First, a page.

Hundreds of BBC freelancers are facing colossal retrospective tax bills, and HMRC’s CEST tool (short for Check Employment Status for Tax) is being blamed by chiefs of the national broadcaster.

Criticism of the tool, which is used for determining the IR35 status of contractors across the country, was heard at a Public Accounts Committee meeting held in Parliament yesterday.

What impact has CEST had on the BBC?

Since the application of the CEST tool, hundreds of workers’ employment statuses have shifted.

Those that have always been found outside IR35 are now being determined as inside, and BBC chiefs are pointing to the use of CEST as the cause.

BBC Director Lord Hall commented that ‘from 2017 onwards, [they] were surprised by the way the outcomes of the tests that [they] had been applying perfectly legitimately and properly before were suddenly changed by CEST.’

The BBC has struggled to grasp how to apply HMRC’s tool since they first adopted its use, and financial consequences are now being felt by its freelancers and contractors that could be life-ruining.

Roughly 800 workers so far have been issued backdated tax bills after their employment status was changed by CEST. Many will face bankruptcy in order to pay the phenomenal amounts back.

Why is the BBC criticising CEST?

During the PAC meeting, BBC chiefs related their main grievances when determining employment status.

They were asked to convey how they put the tool into practice and, although their methods weren’t necessarily proper, it was clear that they hadn’t misused CEST when assessing employment status.

Most of the problems raised could be traced back to 2017 – the introduction of CEST.

Lord Hall directly compared CEST to an employment test developed with Deloitte, a UK-based financial advisory and tax service company, back in 2013. Their test – which had the sanction of HMRC – determined around 900 out of 1,000 BBC contractors to be legitimately self-employed.

Lord Hall also insisted that the radio industry guidelines have always been ‘strictly adhered to’ when determining employment status previously.

The main CEST issues that BBC chiefs brought to light were:

  • the lack of a launch schedule and little to no training during roll-out,
  • no indication as to the volume of contractors that were due assessment,
  • CEST itself seemed rushed and untested,
  • no way to input sectoral differences for consideration.

All of the above are common criticisms that have been repeated to HMRC since the tool’s launch. The taxman insists the tool is fit for purpose.

Anne Bulford, BBC Deputy Director, said of CEST: ‘The challenge that we faced was that CEST places different weight on different factors when compared with our previous test. I don’t think they [BBC staff] have done anything wrong.’

What is the BBC doing to protect its contractors?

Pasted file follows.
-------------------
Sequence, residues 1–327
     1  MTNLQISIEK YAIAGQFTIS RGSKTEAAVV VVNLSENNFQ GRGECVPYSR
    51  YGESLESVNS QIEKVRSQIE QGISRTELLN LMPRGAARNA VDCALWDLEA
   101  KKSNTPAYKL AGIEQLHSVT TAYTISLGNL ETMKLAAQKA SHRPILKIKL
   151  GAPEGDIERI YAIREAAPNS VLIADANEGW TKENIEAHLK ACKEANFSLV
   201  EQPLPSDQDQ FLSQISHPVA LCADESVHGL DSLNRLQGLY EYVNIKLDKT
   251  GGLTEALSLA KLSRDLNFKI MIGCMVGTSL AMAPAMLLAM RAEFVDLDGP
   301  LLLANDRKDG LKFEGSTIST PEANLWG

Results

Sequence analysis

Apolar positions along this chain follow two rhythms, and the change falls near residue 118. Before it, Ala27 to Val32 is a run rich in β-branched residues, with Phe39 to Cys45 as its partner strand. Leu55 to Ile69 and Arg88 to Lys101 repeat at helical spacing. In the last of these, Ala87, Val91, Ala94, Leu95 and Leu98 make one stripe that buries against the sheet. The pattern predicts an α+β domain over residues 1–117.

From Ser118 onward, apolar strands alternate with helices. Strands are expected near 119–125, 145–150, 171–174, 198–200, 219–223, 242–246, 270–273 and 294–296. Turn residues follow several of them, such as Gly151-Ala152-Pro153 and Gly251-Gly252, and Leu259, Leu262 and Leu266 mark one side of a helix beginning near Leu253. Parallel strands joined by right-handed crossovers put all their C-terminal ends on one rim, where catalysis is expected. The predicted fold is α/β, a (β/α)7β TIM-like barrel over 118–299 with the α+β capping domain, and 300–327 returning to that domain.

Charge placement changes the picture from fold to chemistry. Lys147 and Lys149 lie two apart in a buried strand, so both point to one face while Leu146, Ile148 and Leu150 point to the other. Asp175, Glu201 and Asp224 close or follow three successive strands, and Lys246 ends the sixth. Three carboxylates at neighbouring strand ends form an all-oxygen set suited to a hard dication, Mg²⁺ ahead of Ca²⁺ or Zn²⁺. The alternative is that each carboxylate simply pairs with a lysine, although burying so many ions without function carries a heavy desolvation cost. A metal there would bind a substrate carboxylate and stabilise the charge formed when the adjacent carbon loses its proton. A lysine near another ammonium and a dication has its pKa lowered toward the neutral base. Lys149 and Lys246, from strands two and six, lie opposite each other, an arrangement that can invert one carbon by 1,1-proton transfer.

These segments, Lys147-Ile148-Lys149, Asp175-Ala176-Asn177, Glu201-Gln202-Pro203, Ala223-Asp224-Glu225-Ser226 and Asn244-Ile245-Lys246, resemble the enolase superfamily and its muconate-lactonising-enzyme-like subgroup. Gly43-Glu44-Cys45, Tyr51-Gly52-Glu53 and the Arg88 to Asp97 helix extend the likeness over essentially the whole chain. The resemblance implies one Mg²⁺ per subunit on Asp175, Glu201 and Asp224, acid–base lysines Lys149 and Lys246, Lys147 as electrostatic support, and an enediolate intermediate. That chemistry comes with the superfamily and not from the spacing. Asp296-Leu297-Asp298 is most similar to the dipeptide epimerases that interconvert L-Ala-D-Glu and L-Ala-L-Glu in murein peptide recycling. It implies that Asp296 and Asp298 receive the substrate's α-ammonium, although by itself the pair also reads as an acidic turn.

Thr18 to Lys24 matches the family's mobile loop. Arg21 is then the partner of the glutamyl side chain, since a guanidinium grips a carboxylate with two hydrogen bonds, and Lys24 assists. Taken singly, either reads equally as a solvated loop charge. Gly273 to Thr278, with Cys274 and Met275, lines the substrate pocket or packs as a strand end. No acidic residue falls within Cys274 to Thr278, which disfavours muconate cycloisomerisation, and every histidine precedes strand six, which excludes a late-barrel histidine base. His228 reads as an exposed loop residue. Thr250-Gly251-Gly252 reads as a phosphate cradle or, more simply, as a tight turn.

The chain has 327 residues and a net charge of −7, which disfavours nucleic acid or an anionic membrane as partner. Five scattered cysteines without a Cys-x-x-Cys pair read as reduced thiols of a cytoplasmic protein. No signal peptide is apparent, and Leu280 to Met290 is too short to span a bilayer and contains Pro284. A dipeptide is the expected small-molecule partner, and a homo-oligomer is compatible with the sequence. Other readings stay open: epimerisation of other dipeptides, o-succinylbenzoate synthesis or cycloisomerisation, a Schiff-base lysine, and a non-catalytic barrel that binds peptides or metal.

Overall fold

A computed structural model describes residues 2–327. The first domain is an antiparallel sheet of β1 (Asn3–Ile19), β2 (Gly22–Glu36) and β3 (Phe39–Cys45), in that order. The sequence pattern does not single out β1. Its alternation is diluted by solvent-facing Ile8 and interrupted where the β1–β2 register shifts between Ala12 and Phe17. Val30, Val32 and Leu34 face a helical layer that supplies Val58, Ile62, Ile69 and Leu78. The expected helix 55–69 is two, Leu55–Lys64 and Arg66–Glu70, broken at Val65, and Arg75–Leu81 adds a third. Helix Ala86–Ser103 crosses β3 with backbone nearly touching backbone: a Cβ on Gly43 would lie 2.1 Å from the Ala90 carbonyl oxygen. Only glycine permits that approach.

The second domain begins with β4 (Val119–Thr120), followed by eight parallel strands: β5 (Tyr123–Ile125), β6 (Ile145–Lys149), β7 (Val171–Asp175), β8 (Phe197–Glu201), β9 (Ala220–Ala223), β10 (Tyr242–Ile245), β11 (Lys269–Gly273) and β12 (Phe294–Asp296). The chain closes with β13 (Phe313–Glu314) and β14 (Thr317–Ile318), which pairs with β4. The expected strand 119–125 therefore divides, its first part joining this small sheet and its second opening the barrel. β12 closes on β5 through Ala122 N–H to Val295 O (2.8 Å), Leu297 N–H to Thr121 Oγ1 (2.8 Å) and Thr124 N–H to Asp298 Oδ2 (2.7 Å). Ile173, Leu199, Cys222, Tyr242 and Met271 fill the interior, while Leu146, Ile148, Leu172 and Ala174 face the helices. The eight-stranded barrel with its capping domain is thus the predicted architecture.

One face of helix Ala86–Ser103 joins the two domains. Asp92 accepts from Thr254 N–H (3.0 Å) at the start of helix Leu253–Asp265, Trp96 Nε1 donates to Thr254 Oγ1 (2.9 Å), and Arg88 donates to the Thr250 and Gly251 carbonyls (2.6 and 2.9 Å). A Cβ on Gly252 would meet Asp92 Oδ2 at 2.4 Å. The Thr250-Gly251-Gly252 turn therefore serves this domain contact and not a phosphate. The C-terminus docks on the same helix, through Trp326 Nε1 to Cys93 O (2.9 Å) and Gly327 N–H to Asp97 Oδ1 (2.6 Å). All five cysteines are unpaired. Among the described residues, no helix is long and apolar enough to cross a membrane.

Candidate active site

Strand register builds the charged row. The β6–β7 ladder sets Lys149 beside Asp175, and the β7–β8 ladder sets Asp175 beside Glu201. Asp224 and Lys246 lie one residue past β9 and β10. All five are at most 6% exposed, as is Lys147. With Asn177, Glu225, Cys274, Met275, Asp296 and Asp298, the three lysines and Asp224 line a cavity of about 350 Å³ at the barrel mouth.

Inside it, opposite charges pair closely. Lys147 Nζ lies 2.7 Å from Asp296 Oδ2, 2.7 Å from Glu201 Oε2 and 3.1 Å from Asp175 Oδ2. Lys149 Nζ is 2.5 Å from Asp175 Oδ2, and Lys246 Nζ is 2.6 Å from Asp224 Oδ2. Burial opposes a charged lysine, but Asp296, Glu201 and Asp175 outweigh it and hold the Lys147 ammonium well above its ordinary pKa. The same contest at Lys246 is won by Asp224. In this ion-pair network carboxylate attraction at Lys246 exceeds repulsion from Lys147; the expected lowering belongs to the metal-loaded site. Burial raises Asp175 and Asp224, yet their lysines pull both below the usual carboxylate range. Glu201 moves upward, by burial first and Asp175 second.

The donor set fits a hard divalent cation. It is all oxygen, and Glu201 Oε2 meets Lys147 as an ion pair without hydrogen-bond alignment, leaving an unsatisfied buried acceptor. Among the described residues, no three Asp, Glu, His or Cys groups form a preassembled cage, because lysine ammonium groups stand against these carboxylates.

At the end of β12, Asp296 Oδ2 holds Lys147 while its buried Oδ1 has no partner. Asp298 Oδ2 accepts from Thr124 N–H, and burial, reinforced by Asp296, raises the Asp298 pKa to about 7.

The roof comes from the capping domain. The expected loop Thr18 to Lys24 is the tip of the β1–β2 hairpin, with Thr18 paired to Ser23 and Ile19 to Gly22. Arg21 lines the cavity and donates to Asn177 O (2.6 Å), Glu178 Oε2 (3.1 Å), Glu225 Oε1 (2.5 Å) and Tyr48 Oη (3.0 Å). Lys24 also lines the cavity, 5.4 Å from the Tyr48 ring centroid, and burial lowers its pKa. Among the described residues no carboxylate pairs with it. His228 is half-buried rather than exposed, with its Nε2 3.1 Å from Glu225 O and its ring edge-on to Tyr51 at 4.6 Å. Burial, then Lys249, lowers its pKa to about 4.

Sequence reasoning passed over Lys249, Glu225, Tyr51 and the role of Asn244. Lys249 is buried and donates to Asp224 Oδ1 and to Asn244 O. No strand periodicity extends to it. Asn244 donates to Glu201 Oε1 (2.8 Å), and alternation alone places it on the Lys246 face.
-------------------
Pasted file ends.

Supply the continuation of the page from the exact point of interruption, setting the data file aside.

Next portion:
The BBC has accepted its part in these changed employment determinations. The broadcaster is now working towards a settlement with HMRC to protect its freelancers from the potentially devastating impact of having to pay a retrospective tax bill.

Lord Hall also admitted that many contractors may have had little choice in their use of limited companies due to the BBC’s contract specifications.

The chiefs were questioned as to whether BBC contract workers were told to operate via limited companies or have their engagements cancelled after multiple accusations came over the last year.

Ms. Bulford conceded that the BBC ‘has saved between £2m and £3m per year in employer’s and National Insurance contributions since Off-Payroll was introduced as a result of engaging limited companies and sole traders.’

The Deputy Director also stated that the BBC had warned HMRC in 2016 that the employment status changes were ‘coming in too quickly and would cause huge difficulty’.

Despite this, HMRC insisted that the BBC continue to use CEST for their status determinations.

Could CEST have similar effects on other UK businesses?

In response to the 800 BBC workers now facing bank-breaking retrospective tax bills, Lord Hall appeared remorseful of the situation. He said: ‘I take no joy at all from being at odds with people who are front line to our viewers and listeners. None, and I want to repair that relationship.’

The damaged relationship between the BBC and its freelancers has been reported on before, and comes as no surprise.

A report carried out by the National Audit Office looked into the impact of the IR35 reforms on contractors hired by the BBC and found that, although the broadcaster was indeed taking steps to fix the circumstances, issues still remain unresolved.

This same relationship breakdown between business and contractor is likely to be repeated across the county through the continued use of CEST, particularly now that it’s garnered a reputation for producing an overwhelming proportion of inside determinations. The climate for contractors and freelancers is increasingly hostile in the face of IR35 and the use of HMRC’s faulty tool could be seen as unsupportive of workers.

Lord Hall’s final comment was a further warning. He said:
‘HMRC should be thinking very hard about the difficulties created by rushing into something which was more global in nature, and which we still haven’t worked through the consequences of now.’

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